The Philadelphia Ceili Group kicked off the 45th Annual Festival with its time-honored tradition of Singers Night. Hosted by Terry Kane (one half of the popular Jameson Sisters) and dedicated to the late Frank Malley, who was a driving force behind both Singers Night and the Festival itself, last night also brought poignant tributes to other beloved Irish Philadelphia musicians who have recently passed away.
The late Eugene O’Donnell, Kitty Kelly-Albrecht and Eugenia Brennan were all at the forefront throughout the evening, remembered in favorite songs and personal stories. Among the performers who took the stage were Ellen Tepper (the other half of the Jameson sisters) on the harp, Matt Ward, Rosaleen McGill, Jim McGill, Steve Stanislaw, John Handy, Kathleen Warren, Don Simon, Seamus Carmichael, Don Gill, Trish Callahan and Mike Albrecht.
Jeff took some photos and I got some videos. So, if you couldn’t be there in person, enjoy! And join us for the rest of the weekend; tonight’s Rambling House hosted by the River Drivers and the Ceili Dance with the McGillians & Friends starts at 8 p.m., and tomorrow’s day of concerts and activities begins at 11 a.m. and continues throughout the day and evening. For more information, check out the Philadelphia Ceili Group website.
Rosaleen McGill has been volunteering for the Philadelphia Ceili Group Traditional Music & Dance Festival since she was 8 or 9 years old. “It was a great tradition in which to grow up. It felt like being raised by a village. And people were always excited to tell me about their instrument or try to teach me a few words of Gaelic or how to make a St. Brigid’s Cross. There was always so much to get involved in and a beautiful range of ages.”
Now, here she is in her early 30s, and it never gets tired. Obviously not, because she’s on the board of the Ceili Group.
Just as obviously, the festival holds an incredible amount of appeal for her—and, she suggests, that’s as it should be, not just for her, but for anyone even the least bit interested in their Irish heritage and culture.
This year’s festival is certainly no exception.
“It’s a unique showcase of Irish culture,” McGill says. “It’s nice to have a culture all your own to dive deep into and examine the traditions and language and stories and the instruments that we have created, and not just celebrate the history, but all facets.”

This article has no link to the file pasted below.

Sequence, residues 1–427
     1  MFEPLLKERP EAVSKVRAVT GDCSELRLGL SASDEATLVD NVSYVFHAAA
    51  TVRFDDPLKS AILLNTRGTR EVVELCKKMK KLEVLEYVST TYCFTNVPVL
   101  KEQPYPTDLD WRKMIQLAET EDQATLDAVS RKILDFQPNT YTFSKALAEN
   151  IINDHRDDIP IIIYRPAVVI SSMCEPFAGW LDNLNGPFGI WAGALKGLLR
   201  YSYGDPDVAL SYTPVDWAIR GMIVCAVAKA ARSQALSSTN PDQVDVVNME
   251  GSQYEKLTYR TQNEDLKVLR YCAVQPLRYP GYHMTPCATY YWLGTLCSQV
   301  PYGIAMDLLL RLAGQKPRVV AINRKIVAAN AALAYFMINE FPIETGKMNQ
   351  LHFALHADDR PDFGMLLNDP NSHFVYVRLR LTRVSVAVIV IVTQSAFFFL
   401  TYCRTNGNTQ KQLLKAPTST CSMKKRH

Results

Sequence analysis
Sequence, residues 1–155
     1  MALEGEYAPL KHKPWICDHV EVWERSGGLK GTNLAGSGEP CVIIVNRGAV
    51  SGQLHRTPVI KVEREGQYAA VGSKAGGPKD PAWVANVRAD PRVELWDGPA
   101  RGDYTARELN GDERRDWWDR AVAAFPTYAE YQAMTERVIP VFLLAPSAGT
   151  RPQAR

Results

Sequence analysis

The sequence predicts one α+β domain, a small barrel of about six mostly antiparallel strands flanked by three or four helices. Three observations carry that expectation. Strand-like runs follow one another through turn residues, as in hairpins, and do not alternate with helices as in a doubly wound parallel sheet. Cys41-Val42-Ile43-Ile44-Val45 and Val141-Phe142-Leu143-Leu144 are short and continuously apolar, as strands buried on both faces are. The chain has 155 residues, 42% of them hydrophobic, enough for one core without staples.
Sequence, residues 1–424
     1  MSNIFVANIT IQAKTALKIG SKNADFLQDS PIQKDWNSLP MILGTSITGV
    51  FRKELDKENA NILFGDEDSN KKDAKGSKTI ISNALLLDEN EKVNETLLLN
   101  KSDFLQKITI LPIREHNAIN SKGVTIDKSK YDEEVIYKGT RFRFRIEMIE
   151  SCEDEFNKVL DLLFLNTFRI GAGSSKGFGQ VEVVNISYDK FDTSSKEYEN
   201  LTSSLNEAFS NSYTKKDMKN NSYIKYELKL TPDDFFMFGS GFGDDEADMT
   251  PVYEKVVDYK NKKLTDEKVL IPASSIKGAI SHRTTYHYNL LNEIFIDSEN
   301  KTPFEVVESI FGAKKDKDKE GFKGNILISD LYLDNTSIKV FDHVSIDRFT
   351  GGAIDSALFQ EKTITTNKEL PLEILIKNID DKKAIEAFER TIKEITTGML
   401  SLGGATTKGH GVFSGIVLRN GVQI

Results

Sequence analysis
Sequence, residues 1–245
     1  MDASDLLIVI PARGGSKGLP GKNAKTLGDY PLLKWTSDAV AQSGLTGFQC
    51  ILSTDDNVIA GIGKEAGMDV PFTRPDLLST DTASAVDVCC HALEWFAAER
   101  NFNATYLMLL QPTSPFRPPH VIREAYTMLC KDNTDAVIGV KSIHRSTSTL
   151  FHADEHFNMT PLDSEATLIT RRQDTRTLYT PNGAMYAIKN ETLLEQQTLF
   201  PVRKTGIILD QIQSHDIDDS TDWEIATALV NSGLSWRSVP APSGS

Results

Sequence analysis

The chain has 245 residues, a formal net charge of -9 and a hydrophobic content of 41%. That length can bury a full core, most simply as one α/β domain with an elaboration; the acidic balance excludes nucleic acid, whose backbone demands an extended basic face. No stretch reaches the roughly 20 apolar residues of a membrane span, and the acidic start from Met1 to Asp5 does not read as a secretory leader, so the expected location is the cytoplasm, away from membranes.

The world of Irish music and dance is mourning the passing of the supremely gifted fiddler Eugene O’Donnell. News of his death came Friday, June 28, from his longtime musical partner, multi-instrumentalist and folklorist Mick Moloney.
In the Philadelphia area, he is best known for that partnership. He was also a founding member of the Philadelphia Ceili Group.
As a fiddler, he was renowned for his mastery of slow airs—although he certainly had a broad repertoire—but for many in this region, he was also known as one of the greatest step dancers ever to have taken to the floor.
According to Compass Records, for which he recorded, O’Donnell “began Irish dancing at the age of three and was the first Irish dancer ever to dance on television in London at the age of 12, all the while playing and perfecting Derry-style Irish fiddling. As a teen, O’Donnell won an unprecedented five consecutive All-Ireland dancing championships.”
O’Donnell arrived in Philadelphia from Derry in 1957. From there, it didn’t take long for him to begin sharing his many gifts.
Many recall him for his superb musical skills, but they also remember him as one of the finest, most inventive, and occasionally the most exacting of dance instructors.
As Eamon Murray pointed out from the stage in the Ballroom at the Irish Center last night, a lot has changed in the 10 years since Beoga last played here. But the most important thing hasn’t changed: Murray, Liam Bradley, Niamh Dunne, Seán Óg Graham and Damien McKee are still Beoga and still know how to bewitch their audience.
It’s a pretty mean feat to bring 200 people out to listen to trad music on a Thursday night in mid-May with less than a month’s notice, but that is exactly what went down at the concert brought to you by the Philadelphia Ceili Group and the Commodore Barry Arts and Cultural Center last night.